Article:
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Tackling health inequalities: Practical steps to help PCNs lead change


By Martin Charters
3 June 2021

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Covid-19 has shone a very public light on a longstanding problem – health inequalities. Through Primary Care Networks (PCNs), we have the potential to shift the dial on inequality for the first time in decades. But, with a challenge as seemingly big and complex as this, where do you start and how do you make inroads when there are so many other priorities?

The triple aim of healthcare – better health and wellbeing for everyone; better care for all people; sustainable use of NHS resources – is about to become a legal duty, effectively legislating a shift in focus towards preventative care and better outcomes. Key to delivering it will be a successful approach to tackling the equalities gap and investing more in keeping people well for longer. That means a more holistic approach, tackling the root causes of physical and mental ill health earlier in the process, whether it’s working with young people and local communities to tackle knife crime or supporting families to help turn the tide on childhood obesity.

PCNs are ideally placed to lead this shift towards holistic care. Investment in additional roles has already led to a broader mix of expertise at PCN level, with social prescribers in particular building strong links with community groups and voluntary organisations. In many cases, PCNs have access to the people we most need to reach, as well as links with the wider health, social care and emergency services. Crucially, PCNs can access vital data to inform the needs of their population.

However, with so many competing priorities, there are important steps to consider that will help PCNs turn theory into practice and maximise the impact of new initiatives through shared learning:

  1. Start small but start somewhere: Think about the main challenges for your own population. Use the data across your network to identify and assess where you could have the most impact. For example, do you have a higher prevalence of respiratory disease? What are the causes? Could that lead to projects which look at tackling air pollution and poor-quality housing to intervene before issues become established health problems?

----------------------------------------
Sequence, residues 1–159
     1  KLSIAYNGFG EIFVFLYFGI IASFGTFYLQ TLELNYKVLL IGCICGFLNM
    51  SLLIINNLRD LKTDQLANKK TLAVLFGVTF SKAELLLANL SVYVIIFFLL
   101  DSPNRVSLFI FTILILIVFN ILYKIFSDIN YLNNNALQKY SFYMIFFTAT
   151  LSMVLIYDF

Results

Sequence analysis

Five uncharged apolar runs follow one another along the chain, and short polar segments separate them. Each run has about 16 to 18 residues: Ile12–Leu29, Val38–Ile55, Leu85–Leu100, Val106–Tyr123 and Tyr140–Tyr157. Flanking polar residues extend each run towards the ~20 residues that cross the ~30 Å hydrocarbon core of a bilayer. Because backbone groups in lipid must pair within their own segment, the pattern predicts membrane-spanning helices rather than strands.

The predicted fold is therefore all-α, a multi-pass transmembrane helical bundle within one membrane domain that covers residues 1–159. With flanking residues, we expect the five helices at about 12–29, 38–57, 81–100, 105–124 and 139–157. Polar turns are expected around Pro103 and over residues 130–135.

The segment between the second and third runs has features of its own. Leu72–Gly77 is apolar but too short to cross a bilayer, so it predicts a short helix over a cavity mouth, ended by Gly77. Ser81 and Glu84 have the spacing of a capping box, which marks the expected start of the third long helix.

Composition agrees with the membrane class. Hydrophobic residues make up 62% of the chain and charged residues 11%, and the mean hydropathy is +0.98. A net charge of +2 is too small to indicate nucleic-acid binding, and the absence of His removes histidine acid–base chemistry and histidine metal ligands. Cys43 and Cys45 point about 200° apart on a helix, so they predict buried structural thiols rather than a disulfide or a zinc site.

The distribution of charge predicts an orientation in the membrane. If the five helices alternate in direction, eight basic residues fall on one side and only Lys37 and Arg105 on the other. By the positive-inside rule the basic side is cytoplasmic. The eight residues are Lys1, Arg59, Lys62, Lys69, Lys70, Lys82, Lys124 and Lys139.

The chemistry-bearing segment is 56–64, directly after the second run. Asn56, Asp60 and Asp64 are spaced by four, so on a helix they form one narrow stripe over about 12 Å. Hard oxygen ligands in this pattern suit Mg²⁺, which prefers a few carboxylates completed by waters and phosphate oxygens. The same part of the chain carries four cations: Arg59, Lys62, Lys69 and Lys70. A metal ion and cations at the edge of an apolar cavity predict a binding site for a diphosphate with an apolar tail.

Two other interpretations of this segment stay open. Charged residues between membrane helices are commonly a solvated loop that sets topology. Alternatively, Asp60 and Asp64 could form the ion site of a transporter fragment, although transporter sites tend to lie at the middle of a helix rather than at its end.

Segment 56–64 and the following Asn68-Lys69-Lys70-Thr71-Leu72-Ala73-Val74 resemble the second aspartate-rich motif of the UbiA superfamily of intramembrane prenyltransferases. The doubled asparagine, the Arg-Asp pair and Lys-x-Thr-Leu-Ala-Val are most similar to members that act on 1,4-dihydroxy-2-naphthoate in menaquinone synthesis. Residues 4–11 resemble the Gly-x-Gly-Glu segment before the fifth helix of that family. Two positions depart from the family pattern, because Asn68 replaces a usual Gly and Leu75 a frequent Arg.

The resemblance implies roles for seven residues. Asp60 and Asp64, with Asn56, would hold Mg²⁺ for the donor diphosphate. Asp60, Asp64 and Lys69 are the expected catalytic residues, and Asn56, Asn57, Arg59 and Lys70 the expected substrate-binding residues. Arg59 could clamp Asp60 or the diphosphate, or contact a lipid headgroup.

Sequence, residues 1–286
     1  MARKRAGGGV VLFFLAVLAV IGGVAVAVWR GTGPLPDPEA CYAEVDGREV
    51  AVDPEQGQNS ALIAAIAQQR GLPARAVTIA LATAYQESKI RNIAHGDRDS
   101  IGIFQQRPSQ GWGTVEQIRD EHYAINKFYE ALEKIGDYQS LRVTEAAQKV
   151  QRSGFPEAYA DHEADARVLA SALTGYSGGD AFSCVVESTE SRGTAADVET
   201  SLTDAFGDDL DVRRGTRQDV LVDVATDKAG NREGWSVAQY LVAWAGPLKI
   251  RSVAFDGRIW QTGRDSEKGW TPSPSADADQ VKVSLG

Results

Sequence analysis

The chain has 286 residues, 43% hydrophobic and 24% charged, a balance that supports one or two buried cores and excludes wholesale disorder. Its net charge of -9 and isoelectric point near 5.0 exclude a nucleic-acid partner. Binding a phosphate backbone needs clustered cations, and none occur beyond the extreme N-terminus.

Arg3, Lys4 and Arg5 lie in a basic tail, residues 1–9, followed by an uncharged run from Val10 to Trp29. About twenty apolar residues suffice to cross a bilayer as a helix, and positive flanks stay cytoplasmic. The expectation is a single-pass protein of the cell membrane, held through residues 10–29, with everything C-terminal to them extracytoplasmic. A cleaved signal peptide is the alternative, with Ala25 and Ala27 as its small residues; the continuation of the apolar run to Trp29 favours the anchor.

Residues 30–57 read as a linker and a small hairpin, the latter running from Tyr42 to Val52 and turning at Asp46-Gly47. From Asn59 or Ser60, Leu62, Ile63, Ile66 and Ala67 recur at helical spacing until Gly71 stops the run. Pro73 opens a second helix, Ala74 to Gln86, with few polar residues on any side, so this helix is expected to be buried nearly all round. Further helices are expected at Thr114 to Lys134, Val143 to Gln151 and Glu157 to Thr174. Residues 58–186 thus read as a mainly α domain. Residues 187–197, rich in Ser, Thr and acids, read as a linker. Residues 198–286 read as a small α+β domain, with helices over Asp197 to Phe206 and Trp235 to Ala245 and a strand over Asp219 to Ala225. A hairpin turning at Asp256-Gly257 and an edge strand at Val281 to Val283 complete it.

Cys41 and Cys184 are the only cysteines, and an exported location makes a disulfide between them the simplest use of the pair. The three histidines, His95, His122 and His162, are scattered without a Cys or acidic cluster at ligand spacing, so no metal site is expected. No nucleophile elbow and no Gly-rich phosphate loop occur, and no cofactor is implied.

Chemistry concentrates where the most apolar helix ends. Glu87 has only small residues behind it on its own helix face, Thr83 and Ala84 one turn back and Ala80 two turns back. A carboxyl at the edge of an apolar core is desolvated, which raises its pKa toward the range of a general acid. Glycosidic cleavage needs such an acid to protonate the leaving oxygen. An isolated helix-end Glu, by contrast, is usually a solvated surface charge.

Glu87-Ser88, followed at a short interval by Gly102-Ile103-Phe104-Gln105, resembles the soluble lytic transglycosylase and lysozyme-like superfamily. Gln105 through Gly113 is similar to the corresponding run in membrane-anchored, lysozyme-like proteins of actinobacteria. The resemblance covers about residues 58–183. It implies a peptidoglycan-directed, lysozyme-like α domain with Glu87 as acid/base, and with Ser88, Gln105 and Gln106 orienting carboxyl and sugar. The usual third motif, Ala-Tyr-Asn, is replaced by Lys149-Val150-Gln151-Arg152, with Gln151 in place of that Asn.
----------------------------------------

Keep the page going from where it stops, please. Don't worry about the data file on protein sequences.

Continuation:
• Look before you leap: Don’t start your project too soon. Take time to develop a strong structure to manage the work and objectively challenge what you’re aiming to achieve. Seek input to help you – few things we do are completely new and there will be people both in the UK and overseas with expertise to share.
  • Think people not patients: In the health service, we work with patients – but if we want to turn the tide on health inequalities and deliver preventative care, we need to de-medicalise some of the issues we’re trying to address and reach people before they become patients.  This requires engagement with people and community groups, listening to the issues faced and hearing the potential solutions: being led by them in co-production and implementation.
  • Design-in co-learning: Although there will be elements of a system or community that are unique, the issues affecting behaviour change and how we connect with our own environment don’t change fundamentally, and much can be gained from learning from others. Tackling health inequalities is a huge task. Projects are already chipping away at some of the issues, but this is happening in pockets. If we can connect those pockets together and build a co-learning community, we will be better placed to adapt, scale or connect initiatives to maximise the impact on patient outcomes across the country and make best use of NHS resources.
  • Evaluate – from start to finish: Effective evaluation allows us to judge whether a project can be justified or scaled, what learning can be transferred, and when to stop initiatives that aren’t meeting intended outcomes. For evaluation to work well, you need to know what data to collect and start recording it from the outset. With the right information, we can extract useful lessons from multiple stages of a project, as well as overall outcomes, and apply learnings elsewhere.

Delivering better outcomes for people can’t be done by the health service alone, but we do need to be prepared to step beyond the traditional “consult-diagnose-treat” approach if we are to reduce the pressures and cost of acute services. Taking the lead on tackling health inequalities in partnership with social care, police, community groups and others gives PCNs the opportunity to focus on the most pressing challenges in their patch and deliver personalised, preventative services that reach those most in need.

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Martin Charters is the director of Health Care Solutions at NHS Arden and GEM CSU, and senior responsible officer (SRO) for the Complete Care Community programme.

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